According to the U.S Attorney's Office, as part of his guilty pleas, Barriss admitted that he'd gotten involved with two others gamers - one from OH and the other from Wichita - after the two had a falling out while playing "Call of Duty" online.
The two gamers whose argument during an online Call of Duty wager match preceded the deadly Wichita swatting call - Casey Viner of OH and Shane Gaskill of Wichita - are still awaiting trial for their roles in Finch's death.
Under a plea deal, Tyler R. Barriss pleaded guilty in November to 51 charges stemming from a fake 911 call about a hostage situation that led to police killing unarmed Wichita resident Andrew Finch, according to the Associated Press. But Barriss had made dozens of such calls before that and was "known as the guy on Twitter that is good at this", his attorney, Richard Federico, said. Casey Viner of OH and Shane Gaskill of Wichita were accused of being the two "Call of Duty: WWII" players who sparked the incident.
Authorities said Viner provided Barriss with an address for Gaskill that Gaskill had previously given to Viner.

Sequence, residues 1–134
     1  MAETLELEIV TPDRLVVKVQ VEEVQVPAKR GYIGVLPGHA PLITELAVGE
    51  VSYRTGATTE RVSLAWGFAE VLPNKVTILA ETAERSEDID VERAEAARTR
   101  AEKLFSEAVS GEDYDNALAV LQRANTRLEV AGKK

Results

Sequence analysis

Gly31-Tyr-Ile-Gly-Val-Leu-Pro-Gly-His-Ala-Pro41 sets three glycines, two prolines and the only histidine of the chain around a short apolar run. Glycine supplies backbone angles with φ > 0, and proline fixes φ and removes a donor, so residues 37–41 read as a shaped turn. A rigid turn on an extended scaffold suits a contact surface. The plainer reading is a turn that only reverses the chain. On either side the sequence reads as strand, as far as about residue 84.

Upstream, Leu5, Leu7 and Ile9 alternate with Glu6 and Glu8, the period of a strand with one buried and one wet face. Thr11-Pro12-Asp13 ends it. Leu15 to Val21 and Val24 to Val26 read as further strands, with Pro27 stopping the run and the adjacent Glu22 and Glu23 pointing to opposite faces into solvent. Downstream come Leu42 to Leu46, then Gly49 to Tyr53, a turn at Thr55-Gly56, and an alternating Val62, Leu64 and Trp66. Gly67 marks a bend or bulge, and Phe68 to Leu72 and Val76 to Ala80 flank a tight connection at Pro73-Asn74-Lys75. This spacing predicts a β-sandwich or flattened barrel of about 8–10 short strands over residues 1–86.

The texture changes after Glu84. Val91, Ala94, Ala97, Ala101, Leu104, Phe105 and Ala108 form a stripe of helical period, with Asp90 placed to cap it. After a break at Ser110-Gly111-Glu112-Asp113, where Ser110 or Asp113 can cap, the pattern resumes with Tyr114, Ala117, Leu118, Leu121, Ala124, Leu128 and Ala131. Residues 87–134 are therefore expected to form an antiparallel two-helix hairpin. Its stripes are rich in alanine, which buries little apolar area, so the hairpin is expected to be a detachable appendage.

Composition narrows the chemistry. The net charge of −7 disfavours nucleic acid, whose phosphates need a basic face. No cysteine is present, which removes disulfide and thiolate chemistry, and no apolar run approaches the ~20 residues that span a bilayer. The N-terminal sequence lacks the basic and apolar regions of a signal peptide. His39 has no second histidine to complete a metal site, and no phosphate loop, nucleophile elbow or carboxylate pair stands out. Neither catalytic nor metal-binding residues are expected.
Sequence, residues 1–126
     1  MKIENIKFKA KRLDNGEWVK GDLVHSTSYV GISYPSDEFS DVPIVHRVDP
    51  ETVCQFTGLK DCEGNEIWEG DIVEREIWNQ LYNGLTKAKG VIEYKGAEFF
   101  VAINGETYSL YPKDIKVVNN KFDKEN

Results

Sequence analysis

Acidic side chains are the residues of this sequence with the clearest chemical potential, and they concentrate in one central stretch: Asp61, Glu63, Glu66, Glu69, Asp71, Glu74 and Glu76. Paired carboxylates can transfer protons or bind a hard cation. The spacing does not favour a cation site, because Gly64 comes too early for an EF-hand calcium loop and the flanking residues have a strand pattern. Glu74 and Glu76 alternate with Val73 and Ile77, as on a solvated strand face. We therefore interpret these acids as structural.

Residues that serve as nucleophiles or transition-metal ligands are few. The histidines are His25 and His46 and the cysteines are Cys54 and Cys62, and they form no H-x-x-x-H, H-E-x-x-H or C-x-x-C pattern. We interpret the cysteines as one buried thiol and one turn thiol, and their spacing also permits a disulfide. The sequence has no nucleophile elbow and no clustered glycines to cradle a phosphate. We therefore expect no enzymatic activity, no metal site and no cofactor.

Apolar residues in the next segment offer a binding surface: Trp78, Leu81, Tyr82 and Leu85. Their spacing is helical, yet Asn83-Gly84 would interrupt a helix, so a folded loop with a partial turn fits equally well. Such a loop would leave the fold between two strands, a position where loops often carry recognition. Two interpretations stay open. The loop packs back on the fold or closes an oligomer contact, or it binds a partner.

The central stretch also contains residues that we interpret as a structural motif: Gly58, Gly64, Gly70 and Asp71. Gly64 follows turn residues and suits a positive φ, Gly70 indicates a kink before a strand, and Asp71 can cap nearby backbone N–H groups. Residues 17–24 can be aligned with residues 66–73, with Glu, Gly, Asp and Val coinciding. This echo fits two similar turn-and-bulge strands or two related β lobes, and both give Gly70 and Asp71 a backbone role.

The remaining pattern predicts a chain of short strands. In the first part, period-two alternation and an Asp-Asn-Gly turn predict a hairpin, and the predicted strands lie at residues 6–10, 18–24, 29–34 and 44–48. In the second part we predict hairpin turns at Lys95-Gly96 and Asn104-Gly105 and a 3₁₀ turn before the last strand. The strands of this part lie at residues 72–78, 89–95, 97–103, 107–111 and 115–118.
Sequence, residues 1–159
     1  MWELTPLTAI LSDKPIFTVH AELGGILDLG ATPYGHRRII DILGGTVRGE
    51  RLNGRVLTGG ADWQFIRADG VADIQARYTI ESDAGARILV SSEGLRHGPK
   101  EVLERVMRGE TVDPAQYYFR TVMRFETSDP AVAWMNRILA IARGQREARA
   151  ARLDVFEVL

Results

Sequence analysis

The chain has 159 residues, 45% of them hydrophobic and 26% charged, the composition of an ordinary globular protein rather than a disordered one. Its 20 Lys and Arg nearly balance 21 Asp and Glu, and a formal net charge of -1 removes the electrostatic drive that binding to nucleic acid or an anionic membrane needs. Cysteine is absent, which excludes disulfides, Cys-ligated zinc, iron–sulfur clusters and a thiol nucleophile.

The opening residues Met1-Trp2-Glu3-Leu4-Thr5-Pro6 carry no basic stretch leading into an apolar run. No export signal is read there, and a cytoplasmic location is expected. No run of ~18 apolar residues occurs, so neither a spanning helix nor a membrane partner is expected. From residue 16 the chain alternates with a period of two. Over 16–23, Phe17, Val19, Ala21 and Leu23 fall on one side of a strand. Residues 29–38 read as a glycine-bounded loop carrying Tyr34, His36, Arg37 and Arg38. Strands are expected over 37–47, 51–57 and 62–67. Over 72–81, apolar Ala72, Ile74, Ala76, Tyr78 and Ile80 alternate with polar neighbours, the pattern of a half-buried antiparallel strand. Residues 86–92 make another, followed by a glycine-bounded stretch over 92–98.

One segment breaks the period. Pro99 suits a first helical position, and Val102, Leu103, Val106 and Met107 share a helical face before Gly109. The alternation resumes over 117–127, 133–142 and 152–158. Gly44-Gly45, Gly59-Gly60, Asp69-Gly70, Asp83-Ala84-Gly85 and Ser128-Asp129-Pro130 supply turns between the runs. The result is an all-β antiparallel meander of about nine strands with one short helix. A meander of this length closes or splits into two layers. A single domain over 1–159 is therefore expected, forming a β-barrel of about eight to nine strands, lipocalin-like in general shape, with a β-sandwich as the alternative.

Finch's family has sued the city of Wichita and the officers involved, who have not been identified. An officer opened fire and Finch was killed, according to police. Prosecutors, however, have declined to charge the unidentified law enforcement agent. The intended target, Shane Gaskill, had taunted them by giving them an older address, telling them to "try something".
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This results in a forceful response from local police or SWAT teams, who have no way to know the call is a hoax. One of his gaming companions told him to swat the opponent, but gave him an incorrect address, leading to Finch's death. "It may not sound as honest as I want", said Barriss.
Barriss accepted responsibility for his crimes at the sentencing Friday. "I just wish I could have rewound somehow and just never done it".
When Wichita police arrived at the address, an officer shot and killed Andrew Finch, 28, as he stood at the front door of his home.
McAllister told reporters it is "by far the longest prison sentence in the country ever imposed for the practice of swatting". Earlier this year, Finch's niece Adelina committed suicide. In the Barriss case, the home he "swatted" ended in a fatal shooting which he is now being held accountable for. Viner-the man who allegedly asked Barriss to swat Gaskill-was charged with conspiracy. Gaskill is scheduled for trial April 23.